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Resources tagged with Selecting and using information similar to Olympic Cards:

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Broad Topics > Using, Applying and Reasoning about Mathematics > Selecting and using information

Olympic Cards

Stage: 1 and 2 Challenge Level:

Design your own scoring system and play Trumps with these Olympic Sport cards.

Online

Stage: 2 and 3 Challenge Level:

A game for 2 players that can be played online. Players take it in turns to select a word from the 9 words given. The aim is to select all the occurrences of the same letter.

Fifteen Cards

Stage: 2 Challenge Level:

Can you use the information to find out which cards I have used?

Shapes in a Grid

Stage: 2 Challenge Level:

Can you find which shapes you need to put into the grid to make the totals at the end of each row and the bottom of each column?

Who Can Be the Winner?

Stage: 1 Challenge Level:

Some children have been doing different tasks. Can you see who was the winner?

Through the Window

Stage: 2 Challenge Level:

My local DIY shop calculates the price of its windows according to the area of glass and the length of frame used. Can you work out how they arrived at these prices?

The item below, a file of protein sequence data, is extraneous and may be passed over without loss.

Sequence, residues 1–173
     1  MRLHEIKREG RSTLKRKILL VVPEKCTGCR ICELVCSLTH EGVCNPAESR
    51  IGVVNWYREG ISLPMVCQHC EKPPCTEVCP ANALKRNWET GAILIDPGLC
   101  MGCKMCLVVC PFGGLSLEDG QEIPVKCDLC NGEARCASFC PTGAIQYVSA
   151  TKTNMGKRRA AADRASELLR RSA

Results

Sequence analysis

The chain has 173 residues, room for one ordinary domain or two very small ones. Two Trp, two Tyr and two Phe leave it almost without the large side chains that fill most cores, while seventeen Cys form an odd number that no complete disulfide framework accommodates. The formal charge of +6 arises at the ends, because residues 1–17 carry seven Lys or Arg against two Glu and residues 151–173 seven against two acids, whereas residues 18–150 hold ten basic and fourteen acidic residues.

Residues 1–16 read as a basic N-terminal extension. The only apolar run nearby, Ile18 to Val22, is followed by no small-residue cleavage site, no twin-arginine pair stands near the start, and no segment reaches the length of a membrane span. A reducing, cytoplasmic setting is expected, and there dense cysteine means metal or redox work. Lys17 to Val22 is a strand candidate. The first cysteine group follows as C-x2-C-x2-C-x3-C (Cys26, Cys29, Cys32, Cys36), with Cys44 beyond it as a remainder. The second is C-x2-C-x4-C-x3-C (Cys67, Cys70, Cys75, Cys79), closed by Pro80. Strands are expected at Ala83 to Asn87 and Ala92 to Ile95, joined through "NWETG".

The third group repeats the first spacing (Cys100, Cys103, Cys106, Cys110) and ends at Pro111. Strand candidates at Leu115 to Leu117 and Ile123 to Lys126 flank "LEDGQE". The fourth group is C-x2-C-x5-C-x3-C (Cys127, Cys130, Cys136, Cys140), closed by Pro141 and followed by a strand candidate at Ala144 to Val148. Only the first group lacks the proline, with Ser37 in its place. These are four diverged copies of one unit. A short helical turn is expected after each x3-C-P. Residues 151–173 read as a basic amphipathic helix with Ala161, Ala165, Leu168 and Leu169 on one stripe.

Sort Them Out (2)

Stage: 2 Challenge Level:

Can you each work out the number on your card? What do you notice? How could you sort the cards?

Pairs of Legs

Stage: 1 Challenge Level:

How many legs do each of these creatures have? How many pairs is that?

Problem Solving, Using and Applying and Functional Mathematics

Stage: 1, 2, 3, 4 and 5 Challenge Level:

Problem solving is at the heart of the NRICH site. All the problems give learners opportunities to learn, develop or use mathematical concepts and skills. Read here for more information.

Escape from the Castle

Stage: 2 Challenge Level:

Skippy and Anna are locked in a room in a large castle. The key to that room, and all the other rooms, is a number. The numbers are locked away in a problem. Can you help them to get out?

Discuss and Choose

Stage: 1 and 2 Challenge Level: